37° Good Afternoon
37° Good Afternoon

Marlins have discussed signing Alex Rodriguez, sources say

New York Yankees' Alex Rodriguez speaks at a

New York Yankees' Alex Rodriguez speaks at a press conference at Yankee Stadium on Sunday, Aug. 7, 2016. Credit: Kathleen Malone-Van Dyke

BOSTON — While Alex Rodriguez prepares for his last game as a Yankee on Friday night, a lingering question won’t go away:

Will it be A-Rod’s final game in the big leagues?

Rodriguez, 41, went 0-for-4 with an RBI as the DH Thursday night in the Yankees’ 4-2 victory over the Red Sox at Fenway Park and will start again Friday night against the Rays at Yankee Stadium. The game’s first pitch has been pushed back to 7:35 p.m. because of an on-field pregame ceremony honoring Rodriguez.

After that, he will be unconditionally released, meaning he can sign with another team. And one team close to A-Rod’s heart, his hometown Miami Marlins, has had some preliminary talks about that possibility, according to two sources familiar with the team’s thinking, confirming an MLB Network report from earlier in the day.

There is no indication yet that the Marlins, in the thick of the National League wild-card race, plan to make a play for him, but it does show that A-Rod might not be disappearing from the news cycle anytime soon.

And, as one executive not affiliated with either the Yankees or Marlins said, Miami has a potential spot because it has been using lefty-hitting Derek Dietrich and righty-hitting Chris Johnson in a platoon at first base.

“If he [A-Rod] has any ability at first [base], and it’s not clear if he does,” the executive said, “I’d take him over Johnson. Just on the potential of the bat alone.”

Additionally, Marlins owner Jeffrey Loria’s affinity for A-Rod is well known throughout the industry.

It takes two to tango, of course, and Rodriguez, who was booed heartily before each of his at-bats Thursday night, didn’t give many hints which way he’s leaning regarding his on-field future, or even if he desires one, past Friday.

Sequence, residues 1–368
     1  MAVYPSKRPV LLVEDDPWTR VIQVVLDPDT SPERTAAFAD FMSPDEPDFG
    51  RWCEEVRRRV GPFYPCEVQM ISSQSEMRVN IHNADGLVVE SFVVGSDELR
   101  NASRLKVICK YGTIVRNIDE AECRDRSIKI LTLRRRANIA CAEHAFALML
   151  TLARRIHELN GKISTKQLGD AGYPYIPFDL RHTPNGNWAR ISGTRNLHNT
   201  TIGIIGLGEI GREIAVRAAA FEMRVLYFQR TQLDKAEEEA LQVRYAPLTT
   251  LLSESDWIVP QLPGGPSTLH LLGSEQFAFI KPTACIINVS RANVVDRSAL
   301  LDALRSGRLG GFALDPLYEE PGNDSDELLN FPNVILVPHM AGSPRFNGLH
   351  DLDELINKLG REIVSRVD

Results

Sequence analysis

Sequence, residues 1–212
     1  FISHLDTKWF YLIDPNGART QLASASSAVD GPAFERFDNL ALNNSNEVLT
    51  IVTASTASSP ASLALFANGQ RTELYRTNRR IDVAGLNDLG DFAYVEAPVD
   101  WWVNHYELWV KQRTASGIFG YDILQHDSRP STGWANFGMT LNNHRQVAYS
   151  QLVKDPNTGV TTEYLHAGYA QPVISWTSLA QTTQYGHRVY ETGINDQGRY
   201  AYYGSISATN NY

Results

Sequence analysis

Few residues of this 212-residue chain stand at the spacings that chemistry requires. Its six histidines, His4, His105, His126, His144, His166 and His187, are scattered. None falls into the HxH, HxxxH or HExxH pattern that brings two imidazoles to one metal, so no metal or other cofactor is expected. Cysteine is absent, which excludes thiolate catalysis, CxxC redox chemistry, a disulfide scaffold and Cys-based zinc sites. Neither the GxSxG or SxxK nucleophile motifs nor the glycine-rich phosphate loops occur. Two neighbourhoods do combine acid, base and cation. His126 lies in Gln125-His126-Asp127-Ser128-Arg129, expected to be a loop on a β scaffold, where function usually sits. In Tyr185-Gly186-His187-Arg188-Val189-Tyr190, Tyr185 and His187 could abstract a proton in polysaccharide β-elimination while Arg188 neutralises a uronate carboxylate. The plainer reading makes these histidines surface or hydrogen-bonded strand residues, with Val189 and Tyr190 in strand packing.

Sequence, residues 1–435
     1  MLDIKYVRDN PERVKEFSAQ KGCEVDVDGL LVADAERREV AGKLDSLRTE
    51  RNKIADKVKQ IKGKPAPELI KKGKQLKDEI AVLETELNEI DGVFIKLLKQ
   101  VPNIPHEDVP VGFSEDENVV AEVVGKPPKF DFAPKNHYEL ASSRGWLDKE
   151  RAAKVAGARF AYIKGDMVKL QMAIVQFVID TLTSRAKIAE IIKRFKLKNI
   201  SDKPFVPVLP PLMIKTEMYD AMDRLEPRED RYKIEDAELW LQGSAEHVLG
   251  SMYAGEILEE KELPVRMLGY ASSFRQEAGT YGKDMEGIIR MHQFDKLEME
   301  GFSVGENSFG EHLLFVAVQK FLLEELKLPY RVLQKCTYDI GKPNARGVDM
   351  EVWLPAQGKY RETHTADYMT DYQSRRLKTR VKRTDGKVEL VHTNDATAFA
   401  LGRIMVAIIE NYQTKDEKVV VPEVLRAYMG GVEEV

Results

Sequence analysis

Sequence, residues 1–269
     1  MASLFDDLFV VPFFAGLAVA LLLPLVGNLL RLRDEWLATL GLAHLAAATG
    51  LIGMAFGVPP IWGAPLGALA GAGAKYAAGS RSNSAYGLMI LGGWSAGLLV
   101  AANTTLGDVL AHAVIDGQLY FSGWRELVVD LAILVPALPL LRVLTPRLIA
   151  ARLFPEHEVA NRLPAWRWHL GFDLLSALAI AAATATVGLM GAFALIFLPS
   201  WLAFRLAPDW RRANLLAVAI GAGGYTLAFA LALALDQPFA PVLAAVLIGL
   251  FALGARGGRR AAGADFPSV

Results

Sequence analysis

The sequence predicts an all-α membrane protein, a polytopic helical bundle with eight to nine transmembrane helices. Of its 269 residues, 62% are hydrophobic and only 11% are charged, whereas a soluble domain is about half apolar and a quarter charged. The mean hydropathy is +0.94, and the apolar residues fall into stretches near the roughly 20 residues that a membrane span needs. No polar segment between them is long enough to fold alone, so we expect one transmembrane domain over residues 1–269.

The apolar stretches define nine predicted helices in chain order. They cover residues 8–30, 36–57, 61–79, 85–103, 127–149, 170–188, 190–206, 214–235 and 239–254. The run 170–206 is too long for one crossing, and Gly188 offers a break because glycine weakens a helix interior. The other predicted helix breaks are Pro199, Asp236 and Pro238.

“I’m focusing on this is it,” A-Rod said of Friday. “I’m not looking beyond that. I value the pinstripes, I value this organization. To me, this is it.”

But . . .

“Again, anything outside of Friday, we can talk next week,” he said. “That will be a new set of questions, but right now, it’s really about tonight and tomorrow.”

Rodriguez, who after his release is slated to sign a contract as an adviser and instructor who reports directly to managing general partner Hal Steinbrenner, said he would feel compelled to run any offers past the owner.

“That’s a hypothetical, [but] anything that I do, I would clear with Hal first,” he said. “But I’m not getting there. That’s how I would handle it, though.”

As he’s done throughout what has been an at-times-bizarre week, Rodriguez said he remains confident in his ability to produce.

“Look, I feel like I can do it, I’ve been very consistent, I can play,” he said. “I can play baseball. This year’s been a struggle, I’ve struggled with my swing, but I’ve felt all along that I’ve worked really hard on my mechanics. I felt last night was close off a tough pitcher.”

Joe Girardi sent A-Rod up to pinch hit against righthander Matt Barnes in the seventh inning Wednesday night and he flied to right, deep enough to advance the runner on second.

Was he trying to hit a home run?

“I’m not going to lie,” Rodriguez said. “I was going for it.”

In Thursday night’s game, Rodriguez hit a soft liner to second, popped to second and struck out in his first three at-bats. He batted with the bases loaded and one out in the eighth against Brad Ziegler and hit a dribbler for an RBI groundout that gave the Yankees a 4-2 lead.

He insisted that walking away still believing he has something left is something he can live with.

“I know I can play baseball, but there’s nothing wrong with walking away with a little bit in the tank,” A-Rod said. “I feel like a swing like [Wednesday] night, I can walk away and be like, ‘That’s pretty good. I still have a little bit left.’ And there’s nothing wrong with that.”

The Yankees trailed 2-1 entering the eighth Thursday night before scoring three runs to take the lead for good. With the bases loaded and one out, Jacoby Ellsbury sent a liner to left that rookie leftfielder Andrew Benintendi misplayed, with the ball flying over his head to the base of the Green Monster. Two runs scored on the play, which originally was scored as a sacrifice fly and an error and then changed to a double, to make it 3-2. After Chase Headley was intentionally walked to reload the bases, A-Rod’s dribbler in front of the plate, a 2-3 putout, brought in another run.

After two scoreless innings by Luis Cessa, called up earlier in the day, Dellin Betances pitched a scoreless ninth. With runners on first and third and one out, he struck out Dustin Pedroia swinging and Xander Bogaerts looking for his third save.


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